What do you think will be the next popular sub-genre in electronic music?

It’s kind of impossible to predict. I don’t really stay too much on top of what’s popular anymore because that’s usually the first thing to become outdated once it gets chewed up and spit out by the mainstream. I do keep myself informed, for the sake of perspective, but that’s the only real interaction I have with what’s going on in the world of popular music. I actually find it somewhat humorous that all of these convoluted new sub-genre names keep popping up (not just in electronic music but in general). It’s comical because it’s a contradiction if you think about it. It’s like trying to strictly define something in an effort to say that it is unique, yet inadvertently confining it to the limitations imposed by the predefined parameters of the genre. Maybe it all stems from lingering ideals established by former record industry business models. I hope we can move past it in the future, for the sake of creative evolution. I would like to believe that we can someday move beyond the notion of “genres”, but it would be a slow and complicated process and probably won’t happen any time soon.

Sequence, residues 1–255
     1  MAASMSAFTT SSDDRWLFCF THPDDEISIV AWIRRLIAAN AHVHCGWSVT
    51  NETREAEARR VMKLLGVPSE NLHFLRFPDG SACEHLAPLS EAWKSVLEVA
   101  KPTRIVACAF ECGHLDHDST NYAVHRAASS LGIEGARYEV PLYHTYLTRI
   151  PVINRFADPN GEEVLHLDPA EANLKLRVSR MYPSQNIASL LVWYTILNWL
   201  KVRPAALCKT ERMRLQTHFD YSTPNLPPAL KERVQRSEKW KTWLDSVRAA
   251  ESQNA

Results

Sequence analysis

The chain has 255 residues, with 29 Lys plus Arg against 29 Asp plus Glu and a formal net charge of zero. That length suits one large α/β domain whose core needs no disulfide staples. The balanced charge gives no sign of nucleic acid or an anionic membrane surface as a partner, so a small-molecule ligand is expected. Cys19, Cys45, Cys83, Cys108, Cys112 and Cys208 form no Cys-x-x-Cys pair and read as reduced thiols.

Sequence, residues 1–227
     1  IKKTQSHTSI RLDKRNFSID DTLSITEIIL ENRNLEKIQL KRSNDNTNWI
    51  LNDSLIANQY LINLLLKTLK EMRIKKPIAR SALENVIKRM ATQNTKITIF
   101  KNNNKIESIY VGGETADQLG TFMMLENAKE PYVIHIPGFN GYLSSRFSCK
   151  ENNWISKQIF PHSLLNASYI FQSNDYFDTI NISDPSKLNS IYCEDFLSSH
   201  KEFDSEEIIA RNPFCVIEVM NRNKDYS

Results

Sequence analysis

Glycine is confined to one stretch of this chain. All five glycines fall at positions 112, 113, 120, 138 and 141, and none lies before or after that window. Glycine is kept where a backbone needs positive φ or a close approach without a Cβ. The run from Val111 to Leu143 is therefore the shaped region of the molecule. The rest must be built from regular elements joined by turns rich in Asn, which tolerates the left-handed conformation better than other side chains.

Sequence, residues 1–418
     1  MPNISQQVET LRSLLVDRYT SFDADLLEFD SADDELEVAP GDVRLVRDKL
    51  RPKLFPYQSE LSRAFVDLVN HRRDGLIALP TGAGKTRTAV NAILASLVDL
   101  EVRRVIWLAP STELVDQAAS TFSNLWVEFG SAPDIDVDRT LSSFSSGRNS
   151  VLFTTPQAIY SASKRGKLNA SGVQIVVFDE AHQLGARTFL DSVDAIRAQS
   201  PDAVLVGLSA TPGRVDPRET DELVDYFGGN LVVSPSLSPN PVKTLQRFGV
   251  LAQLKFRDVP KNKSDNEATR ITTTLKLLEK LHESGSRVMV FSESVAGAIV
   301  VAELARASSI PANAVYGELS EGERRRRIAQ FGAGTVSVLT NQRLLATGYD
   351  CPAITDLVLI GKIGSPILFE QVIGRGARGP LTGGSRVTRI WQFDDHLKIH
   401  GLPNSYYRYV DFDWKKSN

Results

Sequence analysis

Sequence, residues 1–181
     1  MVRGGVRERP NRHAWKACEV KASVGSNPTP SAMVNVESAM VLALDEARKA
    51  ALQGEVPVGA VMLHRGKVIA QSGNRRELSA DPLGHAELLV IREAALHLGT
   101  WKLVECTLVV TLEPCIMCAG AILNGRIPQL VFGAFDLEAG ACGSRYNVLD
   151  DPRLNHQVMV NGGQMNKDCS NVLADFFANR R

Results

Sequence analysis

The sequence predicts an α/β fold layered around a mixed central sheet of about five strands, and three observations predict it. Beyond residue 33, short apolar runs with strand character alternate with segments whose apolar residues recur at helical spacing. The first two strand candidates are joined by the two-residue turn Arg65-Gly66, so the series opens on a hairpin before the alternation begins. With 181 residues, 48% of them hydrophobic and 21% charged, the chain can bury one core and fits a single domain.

Any tips for new (and why not more seasoned!) sound designers or electronic music producers? Any “rules of thumb”?